Still, Mr Raab is getting a sympathetic hearing in many places, and not just The Telegraph. But this is not politically mainstream. One survey suggests that most people claim to have experienced bullying by their superiors at work. I have worried that bullying behaviour by managers is so commonly portrayed in television and film dramas that people think it is how management is done – but this is doubtless trumped by direct personal experience, where people meet good management technique as well as bad. The FT’s Stephen Bush suggests that political careers tend not to provide such exposure to good management practice, though, and perhaps that is why politicians so often fall into Mr Raab’s trap. It is easier to see how the idea of the civil service undermining government policy has currency, though. The idea of a civil service “blob” is popular amongst conservatives; doubtless socialists who have made it as far as government office feel similarly. Passive-aggressive behaviours are common in all organisations, though, and the more radical your ideas are, the more of it you will get – as I know full well from direct experience. It is something competent managers develop techniques to manage, and less competent ones get paranoid about. But such conspiracy theories are the currency of activists and not the political mainstream.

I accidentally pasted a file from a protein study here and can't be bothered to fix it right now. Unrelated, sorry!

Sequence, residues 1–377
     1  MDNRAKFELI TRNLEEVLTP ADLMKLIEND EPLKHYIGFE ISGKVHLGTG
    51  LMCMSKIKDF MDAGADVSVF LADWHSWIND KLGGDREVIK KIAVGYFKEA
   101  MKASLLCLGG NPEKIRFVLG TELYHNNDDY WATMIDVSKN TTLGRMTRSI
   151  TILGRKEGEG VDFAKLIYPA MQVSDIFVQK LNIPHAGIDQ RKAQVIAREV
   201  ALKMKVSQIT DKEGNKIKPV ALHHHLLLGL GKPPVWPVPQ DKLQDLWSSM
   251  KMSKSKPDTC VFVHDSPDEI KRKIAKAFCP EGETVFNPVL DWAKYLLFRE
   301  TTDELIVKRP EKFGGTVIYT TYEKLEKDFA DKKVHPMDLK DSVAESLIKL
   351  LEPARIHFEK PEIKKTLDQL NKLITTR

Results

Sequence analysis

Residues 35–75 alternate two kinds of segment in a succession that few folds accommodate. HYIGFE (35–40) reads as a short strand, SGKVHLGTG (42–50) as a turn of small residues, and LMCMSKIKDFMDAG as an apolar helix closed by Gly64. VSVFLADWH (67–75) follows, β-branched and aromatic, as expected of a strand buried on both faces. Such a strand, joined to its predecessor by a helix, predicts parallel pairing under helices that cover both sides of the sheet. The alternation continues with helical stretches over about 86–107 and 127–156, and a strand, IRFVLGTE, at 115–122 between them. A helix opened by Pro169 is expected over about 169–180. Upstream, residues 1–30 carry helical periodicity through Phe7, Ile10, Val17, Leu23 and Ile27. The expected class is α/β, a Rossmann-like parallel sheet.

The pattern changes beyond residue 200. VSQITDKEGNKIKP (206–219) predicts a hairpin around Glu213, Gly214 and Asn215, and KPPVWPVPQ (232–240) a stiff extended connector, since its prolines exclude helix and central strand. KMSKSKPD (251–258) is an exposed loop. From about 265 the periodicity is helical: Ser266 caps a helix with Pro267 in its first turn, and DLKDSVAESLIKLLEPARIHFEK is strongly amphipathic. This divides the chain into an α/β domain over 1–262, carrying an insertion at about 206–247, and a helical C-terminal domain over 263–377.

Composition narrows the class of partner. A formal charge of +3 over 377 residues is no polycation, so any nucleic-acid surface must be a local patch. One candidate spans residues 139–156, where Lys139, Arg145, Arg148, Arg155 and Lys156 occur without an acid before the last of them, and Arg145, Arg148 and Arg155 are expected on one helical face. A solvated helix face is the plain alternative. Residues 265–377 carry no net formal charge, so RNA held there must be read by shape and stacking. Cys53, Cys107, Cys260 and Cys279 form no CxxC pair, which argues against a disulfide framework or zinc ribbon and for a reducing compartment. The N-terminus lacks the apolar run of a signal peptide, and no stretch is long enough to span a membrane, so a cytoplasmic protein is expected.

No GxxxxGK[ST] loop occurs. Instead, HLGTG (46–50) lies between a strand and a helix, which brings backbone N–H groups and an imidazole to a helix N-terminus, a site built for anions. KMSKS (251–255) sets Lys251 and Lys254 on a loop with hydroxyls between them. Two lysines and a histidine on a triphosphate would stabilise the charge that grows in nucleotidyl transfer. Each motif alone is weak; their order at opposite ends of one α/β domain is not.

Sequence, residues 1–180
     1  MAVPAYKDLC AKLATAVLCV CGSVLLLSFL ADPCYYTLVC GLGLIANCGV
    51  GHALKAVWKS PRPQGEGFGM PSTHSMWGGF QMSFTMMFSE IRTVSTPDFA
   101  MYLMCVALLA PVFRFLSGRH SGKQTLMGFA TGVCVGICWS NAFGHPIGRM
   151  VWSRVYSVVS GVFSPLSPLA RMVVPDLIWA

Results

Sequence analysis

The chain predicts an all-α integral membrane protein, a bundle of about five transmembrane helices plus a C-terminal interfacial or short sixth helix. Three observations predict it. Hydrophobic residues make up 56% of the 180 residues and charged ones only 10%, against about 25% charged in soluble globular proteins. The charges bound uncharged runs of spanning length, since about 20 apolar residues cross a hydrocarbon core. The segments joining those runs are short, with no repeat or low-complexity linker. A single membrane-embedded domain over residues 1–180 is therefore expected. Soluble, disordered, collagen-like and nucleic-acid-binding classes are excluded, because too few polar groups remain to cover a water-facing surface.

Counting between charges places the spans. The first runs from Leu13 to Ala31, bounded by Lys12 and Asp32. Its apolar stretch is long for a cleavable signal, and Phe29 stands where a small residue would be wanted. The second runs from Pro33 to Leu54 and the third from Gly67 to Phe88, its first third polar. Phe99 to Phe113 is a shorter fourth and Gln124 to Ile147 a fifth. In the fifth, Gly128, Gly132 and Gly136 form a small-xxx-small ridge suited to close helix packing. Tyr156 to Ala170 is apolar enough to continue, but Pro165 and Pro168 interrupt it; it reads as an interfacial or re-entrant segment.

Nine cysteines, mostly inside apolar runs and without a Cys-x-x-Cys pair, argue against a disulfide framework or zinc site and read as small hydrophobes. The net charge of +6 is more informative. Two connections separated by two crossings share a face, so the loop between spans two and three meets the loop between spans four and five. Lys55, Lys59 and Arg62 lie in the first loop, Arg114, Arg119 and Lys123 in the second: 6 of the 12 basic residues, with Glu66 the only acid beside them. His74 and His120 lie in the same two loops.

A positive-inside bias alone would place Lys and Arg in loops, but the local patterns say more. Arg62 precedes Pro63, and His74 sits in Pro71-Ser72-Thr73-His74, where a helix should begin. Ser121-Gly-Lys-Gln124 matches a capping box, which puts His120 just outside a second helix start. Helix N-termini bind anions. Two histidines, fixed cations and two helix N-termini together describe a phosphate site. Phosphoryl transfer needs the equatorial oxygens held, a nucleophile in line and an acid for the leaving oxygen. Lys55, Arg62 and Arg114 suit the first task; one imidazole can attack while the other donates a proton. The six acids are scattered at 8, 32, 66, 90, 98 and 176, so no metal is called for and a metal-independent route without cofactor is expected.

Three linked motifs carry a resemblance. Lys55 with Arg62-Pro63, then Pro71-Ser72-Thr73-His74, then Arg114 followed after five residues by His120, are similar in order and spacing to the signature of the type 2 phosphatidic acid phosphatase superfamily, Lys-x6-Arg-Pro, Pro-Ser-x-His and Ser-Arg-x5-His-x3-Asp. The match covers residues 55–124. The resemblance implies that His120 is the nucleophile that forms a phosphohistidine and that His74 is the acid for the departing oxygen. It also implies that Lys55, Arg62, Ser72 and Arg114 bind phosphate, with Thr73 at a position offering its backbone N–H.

Diane Abbott’s case is perhaps a bit more interesting. Ms Abbott is a long-standing Labour MP, elected in 1987, as the first black woman elected to parliament. While she can be a bit eccentric, she is clearly an intelligent person, and one who has suffered mountains of misogynistic and racial abuse. Her problems arose from a letter to The Observer newspaper, in response to this article by Tomiwa Owolade. It is worth getting the context of this episode right. Mr Owolade led off with this anecdote:
I was a sixth-form student and talking to a girl who told me with utter confidence that “white people can’t be victims of racism”. Racism is about power and privilege. White people have power and privilege. Black people and Asians don’t. This means that only the latter group can be victims of racism; racism is the exercise of power and privilege against people of colour.Tomiwa Owolade, The Observer 15 April 2023
He describes how at first he accepted this point of view, but that he came to reject it: life is much more complicated than that (‘not black and white” as the title to the article has it). In evidence he discussed a recent survey of people’s experiences of racist abuse. This found that both Jews and Irish Travellers, people often defined by black people as “white”, were more likely to experience such abuse than black or Asian people. The survey even found that white Irish people suffered more racial abuse than black Africans or Asians. He also pondered the fact that in the survey most black and Asian people did not claim to have experienced racial abuse at all. Of course a survey such as this is not conclusive evidence by itself, and actual experience of abuse is only one explanation of the way people answer such questions: but it is clear that Jewish people, and especially Irish Travellers, experience a lot of abuse.